HISTORY OF THE SURNAME KELLY
John's wife, Alice Kelly, was from the Parish of Boherlahan Dualla, Tipperary, Ireland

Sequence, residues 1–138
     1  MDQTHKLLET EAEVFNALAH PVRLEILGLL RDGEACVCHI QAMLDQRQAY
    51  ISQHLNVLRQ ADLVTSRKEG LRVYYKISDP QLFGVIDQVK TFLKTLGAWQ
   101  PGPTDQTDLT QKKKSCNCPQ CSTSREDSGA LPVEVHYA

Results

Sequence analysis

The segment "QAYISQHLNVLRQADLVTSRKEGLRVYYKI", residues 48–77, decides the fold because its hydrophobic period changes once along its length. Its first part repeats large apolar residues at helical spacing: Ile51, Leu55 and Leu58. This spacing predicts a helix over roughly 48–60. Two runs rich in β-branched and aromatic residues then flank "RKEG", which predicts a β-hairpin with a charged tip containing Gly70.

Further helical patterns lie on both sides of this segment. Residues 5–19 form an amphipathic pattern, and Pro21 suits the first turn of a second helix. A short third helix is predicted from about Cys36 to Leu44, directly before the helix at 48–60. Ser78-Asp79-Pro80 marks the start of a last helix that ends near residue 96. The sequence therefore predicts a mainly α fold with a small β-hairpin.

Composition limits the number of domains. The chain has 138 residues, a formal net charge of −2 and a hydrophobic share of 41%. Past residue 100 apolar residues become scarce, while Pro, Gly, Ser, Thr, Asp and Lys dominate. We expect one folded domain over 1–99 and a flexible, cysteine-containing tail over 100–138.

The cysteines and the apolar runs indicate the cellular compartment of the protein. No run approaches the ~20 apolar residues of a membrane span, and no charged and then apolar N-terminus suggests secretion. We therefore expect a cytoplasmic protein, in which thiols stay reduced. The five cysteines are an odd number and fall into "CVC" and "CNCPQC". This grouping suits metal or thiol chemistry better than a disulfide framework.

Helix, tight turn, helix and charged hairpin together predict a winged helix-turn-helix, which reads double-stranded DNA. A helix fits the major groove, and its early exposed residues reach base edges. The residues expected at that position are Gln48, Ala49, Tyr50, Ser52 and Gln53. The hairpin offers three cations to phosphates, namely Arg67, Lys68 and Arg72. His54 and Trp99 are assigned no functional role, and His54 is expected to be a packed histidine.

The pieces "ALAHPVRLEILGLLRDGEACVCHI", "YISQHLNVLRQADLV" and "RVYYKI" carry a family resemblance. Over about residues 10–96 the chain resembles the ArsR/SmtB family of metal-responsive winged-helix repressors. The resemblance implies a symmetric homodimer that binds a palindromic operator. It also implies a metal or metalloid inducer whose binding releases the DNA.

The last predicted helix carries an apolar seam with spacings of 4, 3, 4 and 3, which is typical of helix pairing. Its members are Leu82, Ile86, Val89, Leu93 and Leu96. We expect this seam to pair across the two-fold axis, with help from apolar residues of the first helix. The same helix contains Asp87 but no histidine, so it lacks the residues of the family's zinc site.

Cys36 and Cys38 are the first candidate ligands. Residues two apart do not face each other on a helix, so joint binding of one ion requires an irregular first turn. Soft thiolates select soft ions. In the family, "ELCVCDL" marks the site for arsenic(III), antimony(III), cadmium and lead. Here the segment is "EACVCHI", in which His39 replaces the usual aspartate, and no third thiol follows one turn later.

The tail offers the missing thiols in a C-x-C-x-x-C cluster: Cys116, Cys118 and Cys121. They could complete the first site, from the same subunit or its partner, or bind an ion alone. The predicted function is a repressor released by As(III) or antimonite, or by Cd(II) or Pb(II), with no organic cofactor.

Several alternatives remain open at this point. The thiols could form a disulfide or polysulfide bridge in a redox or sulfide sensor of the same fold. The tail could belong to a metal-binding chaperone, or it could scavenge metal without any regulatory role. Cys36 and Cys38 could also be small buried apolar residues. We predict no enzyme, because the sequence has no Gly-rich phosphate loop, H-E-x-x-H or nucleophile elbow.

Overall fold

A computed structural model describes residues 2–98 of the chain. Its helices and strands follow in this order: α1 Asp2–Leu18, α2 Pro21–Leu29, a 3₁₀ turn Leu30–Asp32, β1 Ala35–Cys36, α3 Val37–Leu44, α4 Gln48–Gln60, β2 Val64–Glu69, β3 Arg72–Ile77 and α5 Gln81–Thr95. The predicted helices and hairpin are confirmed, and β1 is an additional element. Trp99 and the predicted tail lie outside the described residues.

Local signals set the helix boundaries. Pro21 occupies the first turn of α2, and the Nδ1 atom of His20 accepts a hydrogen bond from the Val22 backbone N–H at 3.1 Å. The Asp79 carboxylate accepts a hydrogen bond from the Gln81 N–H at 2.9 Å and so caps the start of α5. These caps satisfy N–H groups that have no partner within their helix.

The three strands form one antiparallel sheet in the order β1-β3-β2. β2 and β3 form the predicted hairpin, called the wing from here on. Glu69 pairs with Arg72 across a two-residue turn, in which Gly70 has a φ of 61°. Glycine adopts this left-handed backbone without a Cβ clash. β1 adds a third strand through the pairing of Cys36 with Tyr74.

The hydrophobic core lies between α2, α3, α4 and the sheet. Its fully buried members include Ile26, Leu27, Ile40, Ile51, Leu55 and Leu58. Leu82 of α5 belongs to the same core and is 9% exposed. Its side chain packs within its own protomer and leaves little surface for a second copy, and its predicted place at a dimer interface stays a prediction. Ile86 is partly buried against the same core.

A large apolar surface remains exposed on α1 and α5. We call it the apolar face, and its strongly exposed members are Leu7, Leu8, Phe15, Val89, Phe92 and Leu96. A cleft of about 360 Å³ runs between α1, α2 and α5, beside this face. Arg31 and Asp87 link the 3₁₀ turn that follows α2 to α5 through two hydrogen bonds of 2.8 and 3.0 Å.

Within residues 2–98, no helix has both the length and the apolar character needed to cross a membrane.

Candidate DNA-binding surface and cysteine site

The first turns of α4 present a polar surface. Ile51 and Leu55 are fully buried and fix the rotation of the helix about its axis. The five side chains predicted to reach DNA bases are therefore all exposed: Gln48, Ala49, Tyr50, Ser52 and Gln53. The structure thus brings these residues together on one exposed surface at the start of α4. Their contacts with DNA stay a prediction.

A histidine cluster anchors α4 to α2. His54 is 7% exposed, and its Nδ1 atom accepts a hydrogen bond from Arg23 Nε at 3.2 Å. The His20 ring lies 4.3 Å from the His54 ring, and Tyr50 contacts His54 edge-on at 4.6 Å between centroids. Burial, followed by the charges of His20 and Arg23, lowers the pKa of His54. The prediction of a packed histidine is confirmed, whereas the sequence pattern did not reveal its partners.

Kelly comes from the Irish Ó Ceallaigh, based on the popular personal name Ceallach, which may mean either "bright-haired" or "troublesome". The popularity of the name meant that it was incorporated into permanent surnames in between seven and ten different places, including Co. Meath, north Wicklow, the Antrim/Derry area, Co. Sligo, Galway/Roscommon, north Down and Co. Laois. The most prominent of these families are the O'Kellys of Uí Maine, or Hy Many, an ancient territory taking in east Galway and south Roscommon, also known simply as "O'Kelly's Country". Their pedigree takes them back to Maine Mor, first chief of the area bearing his name, who lived in the fifth century. His descendant, Ceallach, (died c.874) was the twelfth Chief, and it is from him that the surname derives. His great-great-grandson Tadhg Mór, who died at the battle of Clontarf in 1014, was the first to use the name in true hereditary fashion. Despite the loss of most of their possessions in the catastrophic wars of the seventeenth century, a loss shared with most of the rest of the Gaelic aristocracy, the succession to the position of head of the sept has continued unbroken down to the present incumbent, Walter Lionel O'Kelly of Gallagh and Tycooly, Count of the Holy Roman Empire, known as "The O'Kelly", and recognised as such by the Chief Herald of Ireland Today, Kelly and O'Kelly are almost as numerous in Ireland as Murphy, and are to be found throughout Ireland. Individuals of the name have been prominent in all spheres of Irish life. The best-known modern Irish sculptor was Oisin Kelly (1915-1981); Charles E. Kelly (1902-1981) was one of the founders of Dublin Opinion, the most famous satirical magazine to appear in Ireland; James O'Kelly (1845-1916) had a remarkable career as a war correspondent and Member of Parliament .